Print Email
The significance of social and emotional development is seen in every area of a child’s life. Your child will have a strong foundation for her development if she can manage her own feelings, understand others’ feelings and needs, and interact positively with others.

What to expect

Two-year-olds enjoy playing alongside other children, but usually keep to themselves. Although your child is starting to build his independence, he still very much needs your help. Especially when conflicts arise, you’ll need to step in to calm everyone down and teach appropriate behaviour.

Comfort objects like blankets or teddy bears can help two-year-olds cope with new situations or strong emotions.

Emotional development

Your child will extend trusting relationships to other adults and to children with whom she plays frequently. She’ll show preferences for these adults and children. For example, she might hug a friend when she arrives at preschool, or go to her favourite child care worker for comfort after a fall on the playground.

Your child will show a strong sense of self as an individual. For example, he’ll say ‘No!’ to an adult’s request, simply to assert himself.

She’ll recognise feelings when emotions are labelled by adult. For example, when her teacher says, ‘I know you feel scared about that’, your child might calm down a bit. She’ll also increase her understanding and use of language related to emotions, and will be beginning to label feelings she recognises in herself and others. For example, she might say, ‘Mummy happy now’ or ‘Why you cross, Papa?’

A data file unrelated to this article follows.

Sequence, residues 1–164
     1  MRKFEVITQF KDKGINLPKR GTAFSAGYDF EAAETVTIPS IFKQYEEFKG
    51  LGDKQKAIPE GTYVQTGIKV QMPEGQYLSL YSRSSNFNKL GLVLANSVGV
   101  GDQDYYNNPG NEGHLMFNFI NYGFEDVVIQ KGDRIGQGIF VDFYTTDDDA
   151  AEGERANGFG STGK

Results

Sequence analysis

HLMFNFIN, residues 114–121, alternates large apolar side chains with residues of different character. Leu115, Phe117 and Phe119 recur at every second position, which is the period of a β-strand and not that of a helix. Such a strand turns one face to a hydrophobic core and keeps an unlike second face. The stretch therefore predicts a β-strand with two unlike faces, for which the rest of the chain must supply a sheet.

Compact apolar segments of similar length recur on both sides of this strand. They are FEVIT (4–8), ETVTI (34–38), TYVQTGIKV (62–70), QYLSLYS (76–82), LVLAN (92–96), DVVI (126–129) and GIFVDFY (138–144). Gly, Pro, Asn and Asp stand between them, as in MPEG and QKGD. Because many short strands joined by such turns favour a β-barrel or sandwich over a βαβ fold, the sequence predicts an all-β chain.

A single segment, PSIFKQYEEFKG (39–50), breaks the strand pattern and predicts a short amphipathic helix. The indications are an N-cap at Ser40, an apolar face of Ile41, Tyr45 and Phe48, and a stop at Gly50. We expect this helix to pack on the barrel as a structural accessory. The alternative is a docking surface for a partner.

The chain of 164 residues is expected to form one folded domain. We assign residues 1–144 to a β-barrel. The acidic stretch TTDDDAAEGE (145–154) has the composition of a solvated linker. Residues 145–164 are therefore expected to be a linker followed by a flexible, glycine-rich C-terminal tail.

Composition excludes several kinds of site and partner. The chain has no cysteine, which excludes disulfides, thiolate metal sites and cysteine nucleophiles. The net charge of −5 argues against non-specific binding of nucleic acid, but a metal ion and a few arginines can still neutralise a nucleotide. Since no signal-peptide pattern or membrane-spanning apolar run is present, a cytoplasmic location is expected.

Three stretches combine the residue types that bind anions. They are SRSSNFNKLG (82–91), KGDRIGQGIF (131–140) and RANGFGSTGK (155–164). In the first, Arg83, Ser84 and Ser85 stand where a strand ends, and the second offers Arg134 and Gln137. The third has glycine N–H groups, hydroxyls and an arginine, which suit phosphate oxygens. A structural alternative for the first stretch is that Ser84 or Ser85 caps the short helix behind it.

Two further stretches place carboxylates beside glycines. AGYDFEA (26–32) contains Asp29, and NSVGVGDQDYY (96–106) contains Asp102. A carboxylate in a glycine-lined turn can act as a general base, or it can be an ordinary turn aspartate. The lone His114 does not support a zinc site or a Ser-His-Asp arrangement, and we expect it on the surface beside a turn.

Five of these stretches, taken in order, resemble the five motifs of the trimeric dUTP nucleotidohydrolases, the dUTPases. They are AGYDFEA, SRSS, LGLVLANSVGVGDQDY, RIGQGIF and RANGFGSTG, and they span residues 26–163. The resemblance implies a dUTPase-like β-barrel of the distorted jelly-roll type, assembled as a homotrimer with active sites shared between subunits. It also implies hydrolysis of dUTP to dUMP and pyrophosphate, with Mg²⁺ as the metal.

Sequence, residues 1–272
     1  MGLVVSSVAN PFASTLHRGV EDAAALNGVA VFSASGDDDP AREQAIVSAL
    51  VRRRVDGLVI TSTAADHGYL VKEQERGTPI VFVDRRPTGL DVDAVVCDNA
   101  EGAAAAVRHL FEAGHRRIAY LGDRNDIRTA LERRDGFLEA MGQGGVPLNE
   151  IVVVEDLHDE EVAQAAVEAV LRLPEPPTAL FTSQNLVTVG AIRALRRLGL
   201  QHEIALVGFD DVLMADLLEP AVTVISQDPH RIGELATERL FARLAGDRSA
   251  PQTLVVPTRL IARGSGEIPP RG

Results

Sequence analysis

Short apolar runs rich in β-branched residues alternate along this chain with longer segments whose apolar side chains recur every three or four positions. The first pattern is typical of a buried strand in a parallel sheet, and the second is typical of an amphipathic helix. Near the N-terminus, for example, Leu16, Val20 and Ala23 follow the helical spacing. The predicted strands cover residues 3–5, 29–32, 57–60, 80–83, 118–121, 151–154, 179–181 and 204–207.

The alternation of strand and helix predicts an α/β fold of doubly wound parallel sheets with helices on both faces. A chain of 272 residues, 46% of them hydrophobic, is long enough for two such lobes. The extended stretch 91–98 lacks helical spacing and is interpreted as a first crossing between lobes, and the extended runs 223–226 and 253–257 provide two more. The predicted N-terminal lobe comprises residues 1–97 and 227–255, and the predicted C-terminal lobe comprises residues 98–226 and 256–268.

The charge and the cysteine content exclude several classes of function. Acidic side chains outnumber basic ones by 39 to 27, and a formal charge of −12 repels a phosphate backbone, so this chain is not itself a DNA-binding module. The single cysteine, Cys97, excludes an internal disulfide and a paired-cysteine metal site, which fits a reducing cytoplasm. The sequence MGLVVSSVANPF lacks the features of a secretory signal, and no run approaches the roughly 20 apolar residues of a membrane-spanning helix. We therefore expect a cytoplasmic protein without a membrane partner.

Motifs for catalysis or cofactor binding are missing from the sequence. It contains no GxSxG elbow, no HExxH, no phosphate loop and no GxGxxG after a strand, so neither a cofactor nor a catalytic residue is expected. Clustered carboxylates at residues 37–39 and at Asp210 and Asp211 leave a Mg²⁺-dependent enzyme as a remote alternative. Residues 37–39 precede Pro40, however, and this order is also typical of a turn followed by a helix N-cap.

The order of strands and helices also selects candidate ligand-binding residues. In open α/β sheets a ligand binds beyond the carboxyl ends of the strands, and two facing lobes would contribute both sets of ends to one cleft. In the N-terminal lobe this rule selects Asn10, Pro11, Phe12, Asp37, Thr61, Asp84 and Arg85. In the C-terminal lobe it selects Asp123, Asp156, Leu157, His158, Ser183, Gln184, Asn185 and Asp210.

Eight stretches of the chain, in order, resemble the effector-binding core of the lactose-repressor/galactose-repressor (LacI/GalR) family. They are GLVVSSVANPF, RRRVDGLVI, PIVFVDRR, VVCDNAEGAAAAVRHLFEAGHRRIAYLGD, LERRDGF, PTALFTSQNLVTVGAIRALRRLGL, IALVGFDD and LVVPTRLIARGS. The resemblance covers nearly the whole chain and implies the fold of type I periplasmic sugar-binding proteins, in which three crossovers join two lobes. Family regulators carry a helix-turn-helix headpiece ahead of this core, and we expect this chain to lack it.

Your child will continue to find it hard to regulate his emotions. As a result, he might get frustrated and have the occasional tantrum. He’ll use a wider range of coping strategies, such as comfort objects or words that label feelings, but will still need a great deal of adult support.

Social development

Your child will enjoy playing alongside other children, but won’t interact a great deal with them. For example, she might sit in the sandpit next to another child, but play independently with buckets. She has a comfortable awareness that the other child is there.

Depending on his exposure to other children, your child might start to have favourite playmates and warm bonds with others. For example, he might ask another child about her absence from child care if she’s been away for a few days.

Your child will show awareness of others’ feelings and might try to give basic help. For example, she’ll watch to see if the teacher will come to help a crying child, and might also pat or hug the sad child.

Your child will still look to adults for comfort when conflict happens. For example, if a child takes all the crayons at child care, your child might run to the teacher and hug her around the knees for attention and help. With a lot of adult support, he’ll begin to develop some strategies for resolving conflicts constructively. For example, with a teacher at his side, he might say, ‘It MY shovel, Darrell!’

The differences in social and emotional development in children come from inborn temperament, cultural influences, behaviours modelled by adults, the level of security in their relationships with adults, and their chances for social interaction.
  • Add to favourites
  • Create pdf
  • Print
  • Email
  • Content supplied by
  • Last Updated 21-03-2011
  • Last Reviewed 19-03-2012
  • Acknowledgements © 2002-2006 Public Broadcasting Service. Reprinted from with permission of the Public Broadcasting Service.